Shadow cabinet colleagues of Jeremy Corbyn have been quoted as saying they are worried that he is too old to become Prime Minister.

The Mail Online quotes an unnamed shadow minister as saying: “A leader standing at a general election has to commit to doing a full five years. Jeremy is in good shape, but by May 2027 he will be nearly 78.”

The Independent also ran a similar story, using the same quote. And the Indy reports that a second “senior frontbencher” told them: “Jeremy has a lot of energy now. But 2022 is a long time away, let alone 2027.”

We don’t know who the journalists’ sources are, but taken at face value, the stories suggest two shadow cabinet members have doubts about their leader’s ability to govern effectively in his 70s. How unusual would it be to have a PM of that age?

Oldest first-timer

This whole story hinges on the assumption that a) there won’t be a general election until May 2022 and that b) Labour will win. Obviously neither of these things is certain.

Let’s assume they both happen. Jeremy Corbyn would be three weeks shy of his 73rd birthday if the election is held on 5 May, the date scheduled under the Fixed-term Parliaments Act 2011.

If Labour served a full five years, it follows that he would be nearly 78 at the end of his first term in office.

A victory on that day would make Corbyn the oldest Prime Minister to take office for the first time.

His closest rival is Lord Palmerston, who first became PM in 1855 at the age of 70, after a distinguished ministerial career.

Not (quite) the oldest to serve

Corbyn would not be the oldest person ever to hold the office of Prime Minister.

Gladstone (above) became PM for the fourth time in 1892 at the age of 82, and was 84 when he finally left office.

Churchill returned to Downing Street in 1951, a month before his 77th birthday, and only retired at the age of 80.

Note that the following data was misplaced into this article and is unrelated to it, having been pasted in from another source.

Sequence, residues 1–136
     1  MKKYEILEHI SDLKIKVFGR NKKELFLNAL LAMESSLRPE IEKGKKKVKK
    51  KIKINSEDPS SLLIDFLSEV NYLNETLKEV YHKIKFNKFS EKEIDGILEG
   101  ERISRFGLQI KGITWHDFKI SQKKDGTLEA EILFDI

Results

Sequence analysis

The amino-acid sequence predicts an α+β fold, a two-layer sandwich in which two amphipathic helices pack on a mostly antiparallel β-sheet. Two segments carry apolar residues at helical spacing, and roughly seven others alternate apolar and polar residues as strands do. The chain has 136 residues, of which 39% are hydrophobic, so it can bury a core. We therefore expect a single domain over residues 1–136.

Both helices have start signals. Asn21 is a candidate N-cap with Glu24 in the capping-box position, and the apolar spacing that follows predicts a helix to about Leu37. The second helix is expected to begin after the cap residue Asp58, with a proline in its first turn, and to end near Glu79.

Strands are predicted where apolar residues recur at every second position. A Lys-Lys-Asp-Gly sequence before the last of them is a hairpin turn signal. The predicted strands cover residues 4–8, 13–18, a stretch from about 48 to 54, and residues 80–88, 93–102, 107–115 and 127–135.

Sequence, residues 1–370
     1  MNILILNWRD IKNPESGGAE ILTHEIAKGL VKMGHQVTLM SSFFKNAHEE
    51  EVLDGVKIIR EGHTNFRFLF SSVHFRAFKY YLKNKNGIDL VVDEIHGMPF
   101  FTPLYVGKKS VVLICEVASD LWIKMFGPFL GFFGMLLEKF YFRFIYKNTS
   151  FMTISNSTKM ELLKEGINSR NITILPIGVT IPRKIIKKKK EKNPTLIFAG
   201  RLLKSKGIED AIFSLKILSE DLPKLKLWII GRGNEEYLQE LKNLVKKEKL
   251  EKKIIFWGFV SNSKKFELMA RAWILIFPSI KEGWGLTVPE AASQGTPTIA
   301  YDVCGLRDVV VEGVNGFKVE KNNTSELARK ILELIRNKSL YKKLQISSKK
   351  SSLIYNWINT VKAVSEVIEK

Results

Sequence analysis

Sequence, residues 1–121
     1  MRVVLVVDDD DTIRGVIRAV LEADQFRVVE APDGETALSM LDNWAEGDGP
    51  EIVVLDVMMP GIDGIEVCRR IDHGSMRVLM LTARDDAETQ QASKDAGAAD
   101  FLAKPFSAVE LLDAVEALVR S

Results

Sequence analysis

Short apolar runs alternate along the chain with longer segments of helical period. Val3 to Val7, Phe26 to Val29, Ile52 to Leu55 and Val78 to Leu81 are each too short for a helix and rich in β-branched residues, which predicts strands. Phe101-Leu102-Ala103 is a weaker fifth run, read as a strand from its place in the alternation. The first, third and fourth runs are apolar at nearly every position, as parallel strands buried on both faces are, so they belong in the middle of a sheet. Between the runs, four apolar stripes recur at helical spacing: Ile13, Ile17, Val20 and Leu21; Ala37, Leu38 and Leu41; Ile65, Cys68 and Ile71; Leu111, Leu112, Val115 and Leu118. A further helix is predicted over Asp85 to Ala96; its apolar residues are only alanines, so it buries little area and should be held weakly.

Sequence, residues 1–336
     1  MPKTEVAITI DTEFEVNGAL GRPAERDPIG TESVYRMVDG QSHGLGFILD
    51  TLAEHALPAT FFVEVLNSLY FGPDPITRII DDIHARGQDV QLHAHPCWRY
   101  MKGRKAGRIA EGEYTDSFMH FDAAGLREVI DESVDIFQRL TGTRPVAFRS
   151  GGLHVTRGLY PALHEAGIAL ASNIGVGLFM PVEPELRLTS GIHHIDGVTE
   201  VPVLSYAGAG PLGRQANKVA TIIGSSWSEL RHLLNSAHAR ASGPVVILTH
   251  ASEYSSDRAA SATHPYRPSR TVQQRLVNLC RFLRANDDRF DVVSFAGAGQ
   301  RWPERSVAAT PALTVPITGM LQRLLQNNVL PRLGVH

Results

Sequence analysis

Still, if Jeremy Corbyn left office in 2027, he would be the third oldest Prime Minister since the office effectively began in 1721, and considerably older than average. The median age for all first-time PMs is 53. In the 20th and 21st centuries it’s 56.

Of course people are living longer now, and working longer, and staying healthier for longer, so it may be unfair to compare the abilities of a modern 72-year-old with someone of the same age in past centuries.

Mr Corbyn’s spokesman gave a statement today saying:

“Jeremy is extremely energetic, works extremely long hours and since he has been doing this job has performed at an extremely effective and high level.

“He is extremely vigorous. He has become more effective as a leader since he was first elected. I see no sign whatsoever that his age is an impediment to continuing to be leader.”

Oldest chancellor

If Labour wins in 2022, and current shadow chancellor John McDonnell is still in post, he will become the oldest politician ever to take office as Chancellor of the Exchequer of the United Kingdom – the job usually considered second in importance after the Prime Minister.

McDonnell will be 70 years and nearly eight months old, making him the oldest man to begin a term as chancellor.

Gladstone comes second, serving as chancellor (for the fourth time) at the age of 70 years and nearly four months in 1880. He held the offices of both Chancellor and Prime Minister at the same time, as was common in the 19th century.